• Don’t assume she needs someone to babysit her other children (if she has others). Sometimes just hearing them play and laugh, or holding them helps ease the pain as she’s reminded of blessings she already has. But do offer to come and stay with her, caring for their physical needs, making lunch, changing diapers etc. Allow her to get rest knowing they are safe and close by.
  • Do offer to bring meals, but don’t ask her what she likes. She’s not hungry. Instead of saying “can I bring you a meal?” say “I would like to bring you a meal, what are some of your families’ favorite meals and which day would be best?”
  • Husbands, don’t be surprised if she has no interest in sex for weeks even months. Your doctor will have suggested she wait at least three months to conceive again. She is often very fearful and apprehensive about it happening again. Let her know that you would like her to initiate and let you know when it’s time.
  • Don’t be insensitive – if you have just had a baby or you are pregnant your presence is very hard for her as she wonders why not her?
  • Do encourage her when she’s ready to join a Women’s Bible study, write or blog about her loss, or read a book on the topic.
  • Do send flowers and cards, flowers represent life.
  • Don’t feel bad if you put your foot in your mouth and didn’t know that she miscarried. Do apologize and subtly inform common friends so that they do not make the same mistake you did.
  • Do pray for and with her if she’d like. Not just once but often.
  • Don’t avoid her at church because you don’t know what to say. Let her know you’re very sorry for her loss, and you couldn’t imagine what the pain must feel like.

Print it out the poem Knit and Not Forgot here and give it to her, send her a link to the songs below. Let her know you care.

For you created my inmost being; you knit me together in my mother’s womb.
I praise you because I am fearfully and wonderfully made; your works are wonderful, I know that full well. My frame was not hidden from you when I was made in the secret place, when I was woven together in the depths of the earth. Your eyes saw my unformed body; all the days ordained for me were written in your book before one of them came to be. Psalm 139:13-16

Song to PRAY

I Will Carry You – Selah

Thy Will Be Done

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6 Replies to “Miscarriage, Knit and Not Forgot”

  1. Beautiful, Jennifer. I had one between my first and second child. It was so painful and I just didn’t understand how I could be so sad about someone I had never even met. Another woman that had one said to me, “you had a loss of hope.” When I was able to put those words to identify my feelings it helped so much. I had 3 other friends that were due with babies within weeks of mine so the time of my due date 6 months later was particularly painful. I would lay in bed at night and cry and my husband said, “honey, it’s been 6 months. I just don’t understand why you’re still so upset.” I felt so alone that he didn’t understand. It took over a year for us to conceive again and it was one of the hardest years of my life. I still have tears streaming down my face writing this. I did find consolation that I would one day see this baby in heaven. Thanks for your healing words.

    1. Abby, It’s incredibly helpful to know we are not alone in the pain. Our husbands grieve in their own ways. I have seen men just as emotionally devastated as the wife. But it’s the woman who carry the physical and often spiritual load of the loss. It is intrinsically different. Women willing to be vulnerable and share it with others can be a such a blessing and so very healing. Thank you so much for your comment. ❤️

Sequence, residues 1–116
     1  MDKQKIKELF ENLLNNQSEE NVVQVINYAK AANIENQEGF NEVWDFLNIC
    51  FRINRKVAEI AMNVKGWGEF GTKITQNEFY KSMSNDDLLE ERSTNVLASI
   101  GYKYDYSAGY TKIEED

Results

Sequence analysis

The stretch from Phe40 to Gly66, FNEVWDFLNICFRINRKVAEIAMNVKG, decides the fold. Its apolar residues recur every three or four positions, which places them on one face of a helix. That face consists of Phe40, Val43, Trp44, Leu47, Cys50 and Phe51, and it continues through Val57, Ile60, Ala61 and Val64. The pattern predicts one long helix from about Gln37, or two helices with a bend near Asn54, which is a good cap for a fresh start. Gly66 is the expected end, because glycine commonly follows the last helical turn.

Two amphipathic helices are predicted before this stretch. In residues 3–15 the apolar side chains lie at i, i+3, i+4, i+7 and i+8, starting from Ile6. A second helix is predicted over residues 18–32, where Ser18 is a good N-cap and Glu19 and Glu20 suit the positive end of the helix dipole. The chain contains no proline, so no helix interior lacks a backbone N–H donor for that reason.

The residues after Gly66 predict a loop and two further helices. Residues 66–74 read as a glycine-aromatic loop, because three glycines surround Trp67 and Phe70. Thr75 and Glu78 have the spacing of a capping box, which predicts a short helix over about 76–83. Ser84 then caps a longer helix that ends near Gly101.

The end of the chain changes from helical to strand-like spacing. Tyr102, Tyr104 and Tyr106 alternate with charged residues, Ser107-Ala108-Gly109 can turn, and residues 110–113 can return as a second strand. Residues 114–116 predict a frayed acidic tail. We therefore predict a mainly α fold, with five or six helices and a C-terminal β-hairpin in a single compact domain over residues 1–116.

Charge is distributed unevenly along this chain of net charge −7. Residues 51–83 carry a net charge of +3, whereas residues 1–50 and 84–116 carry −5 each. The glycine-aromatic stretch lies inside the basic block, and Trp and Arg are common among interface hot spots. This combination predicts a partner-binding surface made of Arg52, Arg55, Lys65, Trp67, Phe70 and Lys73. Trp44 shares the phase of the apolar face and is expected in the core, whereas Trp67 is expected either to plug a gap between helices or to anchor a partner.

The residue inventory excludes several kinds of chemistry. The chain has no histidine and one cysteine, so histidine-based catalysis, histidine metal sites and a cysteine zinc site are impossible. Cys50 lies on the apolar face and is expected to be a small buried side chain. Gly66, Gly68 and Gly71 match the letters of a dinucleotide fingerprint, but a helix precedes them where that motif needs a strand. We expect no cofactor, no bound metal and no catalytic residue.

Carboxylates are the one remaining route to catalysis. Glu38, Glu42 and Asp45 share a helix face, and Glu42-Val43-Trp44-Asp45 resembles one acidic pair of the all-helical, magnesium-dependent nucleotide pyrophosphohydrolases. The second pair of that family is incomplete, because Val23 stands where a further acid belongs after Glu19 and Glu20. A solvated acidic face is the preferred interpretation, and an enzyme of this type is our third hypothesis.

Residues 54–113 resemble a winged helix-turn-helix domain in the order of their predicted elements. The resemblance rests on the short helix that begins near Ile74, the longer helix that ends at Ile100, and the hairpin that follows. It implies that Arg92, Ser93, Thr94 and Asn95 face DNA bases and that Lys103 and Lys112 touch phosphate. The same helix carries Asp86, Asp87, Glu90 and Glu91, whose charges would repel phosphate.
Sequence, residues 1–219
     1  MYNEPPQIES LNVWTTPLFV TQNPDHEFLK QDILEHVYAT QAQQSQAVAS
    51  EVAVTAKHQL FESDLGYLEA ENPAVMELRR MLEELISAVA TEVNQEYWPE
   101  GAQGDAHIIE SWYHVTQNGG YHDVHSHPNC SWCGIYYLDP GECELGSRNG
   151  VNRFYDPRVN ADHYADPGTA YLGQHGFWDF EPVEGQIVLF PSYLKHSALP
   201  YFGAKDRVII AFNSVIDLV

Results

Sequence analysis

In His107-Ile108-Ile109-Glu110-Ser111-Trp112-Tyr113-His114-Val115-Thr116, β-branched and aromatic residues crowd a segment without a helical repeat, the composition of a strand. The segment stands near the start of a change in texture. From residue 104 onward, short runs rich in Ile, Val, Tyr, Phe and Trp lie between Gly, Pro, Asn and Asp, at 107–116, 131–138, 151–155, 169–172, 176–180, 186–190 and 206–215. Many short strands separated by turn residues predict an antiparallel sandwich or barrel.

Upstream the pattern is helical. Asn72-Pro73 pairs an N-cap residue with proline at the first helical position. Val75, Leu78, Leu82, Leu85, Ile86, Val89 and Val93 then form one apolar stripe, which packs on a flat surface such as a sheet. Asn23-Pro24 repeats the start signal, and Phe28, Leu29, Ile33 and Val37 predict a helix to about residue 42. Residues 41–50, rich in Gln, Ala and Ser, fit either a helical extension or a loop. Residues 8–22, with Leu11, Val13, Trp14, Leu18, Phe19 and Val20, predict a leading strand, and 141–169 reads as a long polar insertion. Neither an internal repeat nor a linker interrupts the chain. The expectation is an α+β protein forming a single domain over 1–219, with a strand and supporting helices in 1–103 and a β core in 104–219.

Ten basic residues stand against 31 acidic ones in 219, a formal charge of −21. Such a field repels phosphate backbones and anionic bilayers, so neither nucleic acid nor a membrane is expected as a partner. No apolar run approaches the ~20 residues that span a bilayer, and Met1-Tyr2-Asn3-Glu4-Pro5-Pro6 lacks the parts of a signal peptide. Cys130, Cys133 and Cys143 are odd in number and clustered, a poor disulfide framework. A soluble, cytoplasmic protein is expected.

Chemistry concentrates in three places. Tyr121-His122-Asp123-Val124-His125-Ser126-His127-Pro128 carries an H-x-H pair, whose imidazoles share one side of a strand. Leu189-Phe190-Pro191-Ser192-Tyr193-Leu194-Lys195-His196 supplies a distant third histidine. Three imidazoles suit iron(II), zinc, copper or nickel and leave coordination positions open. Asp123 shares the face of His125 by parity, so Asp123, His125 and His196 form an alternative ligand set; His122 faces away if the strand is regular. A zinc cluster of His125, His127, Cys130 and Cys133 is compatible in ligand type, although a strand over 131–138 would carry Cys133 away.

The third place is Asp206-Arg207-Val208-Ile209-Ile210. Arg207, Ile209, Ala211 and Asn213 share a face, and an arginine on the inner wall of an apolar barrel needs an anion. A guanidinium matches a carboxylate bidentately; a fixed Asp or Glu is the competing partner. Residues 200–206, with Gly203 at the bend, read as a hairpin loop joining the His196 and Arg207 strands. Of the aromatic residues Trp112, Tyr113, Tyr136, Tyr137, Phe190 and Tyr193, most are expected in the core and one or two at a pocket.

2. Sorry to hear about your loss Jennifer! You gave good advice and encouragement here as well! I agree that these are pearls and we should try to be an encouragement to all around us. The Lord does give comfort and helps us go on. I had two partial molar pregnancies and three miscarriages so there was a time that I did not think we would be able to have children. We were blessed with four here on earth. I will say that when I had gone through multiple miscarriages the Pastor at our church had called my husband and I aside after church on Mother’s Day and gave me a special bouquet of flowers. He wanted to acknowledge the fact that we did have children waiting for us in heaven even though no one knew here on earth. I appreciated that he took the time to think of us and that he did it in private as we are private people and would not have wanted a public aknowledgement. Thank you for sharing a very personal loss! I hope this is a help to many people and that they realize with God as your rock, He will see you through!

  3. This was a painful article for me to read, as I had three miscarriages and nearly lost the daughter I have. It was only by God’s grace and answered prayer that I have her, and I was forty years old at the time of her birth. The pain and feeling of baroness never really leaves; it is buried and by God’s grace replaced with hope; believing, as you said, that I will see these children in heaven. My gratitude for the one child I managed to deliver is overwhelming, a true miracle, and I thank God daily for her.

    1. Thank You for sharing that Sharon. It IS so painful And you’re right it never goes away but it gets buried with time. Almost like each year another shovel of gravel But doesn’t erase it. My heart aches for those who do not have the hope that we do in Christ. It is available for all, and if there is someone reading this that doesn’t have that hope please reach out to me or others you know that carry this hope.